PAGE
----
hunger's most acute form
the world's food reserves
Peter's illness
the manufacturer's name and address
my son's bedroom
Japan's importance
the owner's privacy"

(Sidney Greenbaum, The Oxford English Grammar. Oxford Univ. Press, 1996)

False Possessives

"The apostrophe generally should not be used after a word that is more descriptive than possessive, except for a plural not ending in s: Explorers Hall, Diners Club, the Department of Veterans Affairs, teachers college but teacher's guide, St. Elizabeths Hospital, Teamsters Union, visitors center, children's hospital. But the Ladies' Home Journal, the National Governors' Association."
(The National Geographic Style Manual. National Geographic Society, 2012)

The Lighter Side of Possessives

Cartman: Give me back my kidney!
Stan: Dude, please, Kyle needs it!
Cartman: It's mine! Not yours, mine! Give it back right now or there's going to be hell to pay!
("Cherokee Hair Tampons." South Park, 2000)

Danny Butterman: All right, Pete?
Nicholas Angel: Do you know this man?
Danny Butterman: Yeah. He's Auntie Jackie's sister's brother's boy.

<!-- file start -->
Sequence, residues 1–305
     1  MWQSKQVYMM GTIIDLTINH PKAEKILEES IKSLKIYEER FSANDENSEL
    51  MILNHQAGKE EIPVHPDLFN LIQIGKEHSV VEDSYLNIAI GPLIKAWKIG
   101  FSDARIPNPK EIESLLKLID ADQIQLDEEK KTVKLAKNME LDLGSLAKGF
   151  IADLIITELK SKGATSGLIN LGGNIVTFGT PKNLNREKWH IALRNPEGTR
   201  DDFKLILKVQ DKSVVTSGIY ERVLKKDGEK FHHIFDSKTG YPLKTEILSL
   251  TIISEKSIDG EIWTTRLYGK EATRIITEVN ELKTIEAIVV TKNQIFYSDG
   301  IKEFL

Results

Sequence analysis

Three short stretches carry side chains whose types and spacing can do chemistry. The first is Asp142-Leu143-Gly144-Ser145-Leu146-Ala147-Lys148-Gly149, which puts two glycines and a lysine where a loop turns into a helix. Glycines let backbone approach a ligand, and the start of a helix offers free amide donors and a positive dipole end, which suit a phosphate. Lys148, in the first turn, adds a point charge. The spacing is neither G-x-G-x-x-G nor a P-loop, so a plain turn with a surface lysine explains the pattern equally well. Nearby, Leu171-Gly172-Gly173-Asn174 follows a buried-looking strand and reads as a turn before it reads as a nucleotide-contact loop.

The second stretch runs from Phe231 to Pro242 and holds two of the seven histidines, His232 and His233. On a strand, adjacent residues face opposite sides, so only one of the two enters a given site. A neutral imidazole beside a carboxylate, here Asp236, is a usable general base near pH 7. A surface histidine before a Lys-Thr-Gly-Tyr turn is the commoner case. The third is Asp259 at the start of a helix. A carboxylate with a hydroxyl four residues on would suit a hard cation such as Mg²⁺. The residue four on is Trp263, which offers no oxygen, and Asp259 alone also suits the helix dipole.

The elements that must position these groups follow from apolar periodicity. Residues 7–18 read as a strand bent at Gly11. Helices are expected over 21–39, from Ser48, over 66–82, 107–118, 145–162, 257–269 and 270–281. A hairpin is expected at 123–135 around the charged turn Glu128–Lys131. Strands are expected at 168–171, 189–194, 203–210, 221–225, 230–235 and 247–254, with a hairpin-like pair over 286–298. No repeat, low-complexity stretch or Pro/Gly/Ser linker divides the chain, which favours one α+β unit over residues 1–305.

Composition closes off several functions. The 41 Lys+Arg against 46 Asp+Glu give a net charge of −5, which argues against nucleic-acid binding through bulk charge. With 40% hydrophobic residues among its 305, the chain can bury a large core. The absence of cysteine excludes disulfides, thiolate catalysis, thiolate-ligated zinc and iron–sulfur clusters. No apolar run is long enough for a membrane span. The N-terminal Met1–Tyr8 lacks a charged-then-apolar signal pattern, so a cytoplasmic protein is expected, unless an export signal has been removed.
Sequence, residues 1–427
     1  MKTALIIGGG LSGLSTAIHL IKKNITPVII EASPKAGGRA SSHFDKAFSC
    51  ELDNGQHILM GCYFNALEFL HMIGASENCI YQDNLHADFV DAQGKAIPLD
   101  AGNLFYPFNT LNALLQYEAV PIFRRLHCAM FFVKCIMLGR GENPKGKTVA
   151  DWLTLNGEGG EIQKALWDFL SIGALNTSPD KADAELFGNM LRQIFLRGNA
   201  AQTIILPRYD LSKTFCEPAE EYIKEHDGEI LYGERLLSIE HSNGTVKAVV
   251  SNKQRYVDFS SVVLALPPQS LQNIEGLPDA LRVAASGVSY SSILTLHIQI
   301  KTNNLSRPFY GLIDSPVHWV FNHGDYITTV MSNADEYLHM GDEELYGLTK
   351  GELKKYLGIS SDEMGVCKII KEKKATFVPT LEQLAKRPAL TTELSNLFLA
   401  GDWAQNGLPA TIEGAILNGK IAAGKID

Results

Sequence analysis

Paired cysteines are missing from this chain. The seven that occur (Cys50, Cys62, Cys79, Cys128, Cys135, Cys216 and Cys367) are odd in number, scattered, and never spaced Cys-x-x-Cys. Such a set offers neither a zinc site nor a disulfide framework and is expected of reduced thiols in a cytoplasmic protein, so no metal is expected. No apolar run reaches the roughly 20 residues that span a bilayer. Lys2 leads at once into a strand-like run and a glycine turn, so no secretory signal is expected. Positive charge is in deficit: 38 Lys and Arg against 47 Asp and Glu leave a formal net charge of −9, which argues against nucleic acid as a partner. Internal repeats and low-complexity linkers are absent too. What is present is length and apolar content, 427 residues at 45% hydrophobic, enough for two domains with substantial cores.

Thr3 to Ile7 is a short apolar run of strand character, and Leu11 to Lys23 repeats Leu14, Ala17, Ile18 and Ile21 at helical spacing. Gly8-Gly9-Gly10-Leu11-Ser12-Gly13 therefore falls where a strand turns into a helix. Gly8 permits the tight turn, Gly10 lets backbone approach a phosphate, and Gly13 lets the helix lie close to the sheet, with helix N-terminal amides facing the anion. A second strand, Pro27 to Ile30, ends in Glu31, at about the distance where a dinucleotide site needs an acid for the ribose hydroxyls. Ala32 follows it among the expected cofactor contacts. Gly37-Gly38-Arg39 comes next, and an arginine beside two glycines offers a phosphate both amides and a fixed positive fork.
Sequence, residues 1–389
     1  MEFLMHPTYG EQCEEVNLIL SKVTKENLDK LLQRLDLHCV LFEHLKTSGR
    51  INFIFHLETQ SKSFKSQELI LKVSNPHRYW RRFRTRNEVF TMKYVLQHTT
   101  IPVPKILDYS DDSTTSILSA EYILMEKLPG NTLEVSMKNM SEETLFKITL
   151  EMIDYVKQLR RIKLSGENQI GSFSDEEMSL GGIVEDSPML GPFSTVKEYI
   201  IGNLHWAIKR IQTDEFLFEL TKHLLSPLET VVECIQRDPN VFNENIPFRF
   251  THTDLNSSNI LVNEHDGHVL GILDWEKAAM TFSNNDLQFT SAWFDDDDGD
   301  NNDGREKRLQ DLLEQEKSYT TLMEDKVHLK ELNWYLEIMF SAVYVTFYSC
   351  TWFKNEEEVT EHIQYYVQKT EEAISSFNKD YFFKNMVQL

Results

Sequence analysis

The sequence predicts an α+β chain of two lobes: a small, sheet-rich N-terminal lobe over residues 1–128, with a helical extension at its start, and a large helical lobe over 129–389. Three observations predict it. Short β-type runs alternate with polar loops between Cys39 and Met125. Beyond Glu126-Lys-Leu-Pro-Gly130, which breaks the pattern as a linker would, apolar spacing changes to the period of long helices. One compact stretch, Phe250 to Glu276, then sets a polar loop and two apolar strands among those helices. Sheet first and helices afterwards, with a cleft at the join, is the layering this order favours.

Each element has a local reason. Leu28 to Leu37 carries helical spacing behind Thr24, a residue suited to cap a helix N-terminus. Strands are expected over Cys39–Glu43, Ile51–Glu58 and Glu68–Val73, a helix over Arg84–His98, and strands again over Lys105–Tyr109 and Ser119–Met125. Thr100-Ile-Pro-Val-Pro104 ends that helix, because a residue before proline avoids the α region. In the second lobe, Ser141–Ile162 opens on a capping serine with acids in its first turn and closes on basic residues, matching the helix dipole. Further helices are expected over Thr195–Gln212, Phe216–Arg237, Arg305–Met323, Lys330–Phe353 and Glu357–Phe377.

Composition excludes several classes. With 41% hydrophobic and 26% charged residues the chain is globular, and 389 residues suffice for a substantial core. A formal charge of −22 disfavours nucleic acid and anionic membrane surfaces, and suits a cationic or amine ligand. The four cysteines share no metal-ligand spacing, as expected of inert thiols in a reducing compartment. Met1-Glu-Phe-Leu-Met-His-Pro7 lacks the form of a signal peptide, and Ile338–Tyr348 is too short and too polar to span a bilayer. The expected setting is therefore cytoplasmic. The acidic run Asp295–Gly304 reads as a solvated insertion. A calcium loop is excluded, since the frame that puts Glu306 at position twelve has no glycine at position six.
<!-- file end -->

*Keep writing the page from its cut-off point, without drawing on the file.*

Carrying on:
(Nick Frost and Simon Pegg, Hot Fuzz, 2007)

"My best friend's sister's boyfriend's brother's girlfriend heard from this guy who knows this kid who's going with the girl who saw Ferris pass out at 31 Flavors last night. I guess it's pretty serious."
(Kristy Swanson as Simone, Ferris Bueller's Day Off, 1986)

Also Known As: possessive determiner, genitive case, second case

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Nordquist, Richard. "Possessive Genitive Case." ThoughtCo, Apr. 19, 2017, thoughtco.com/possessive-genitive-case-1691645. Nordquist, Richard. (2017, April 19). Possessive Genitive Case. Retrieved from https://www.thoughtco.com/possessive-genitive-case-1691645 Nordquist, Richard. "Possessive Genitive Case." ThoughtCo. https://www.thoughtco.com/possessive-genitive-case-1691645 (accessed December 12, 2017).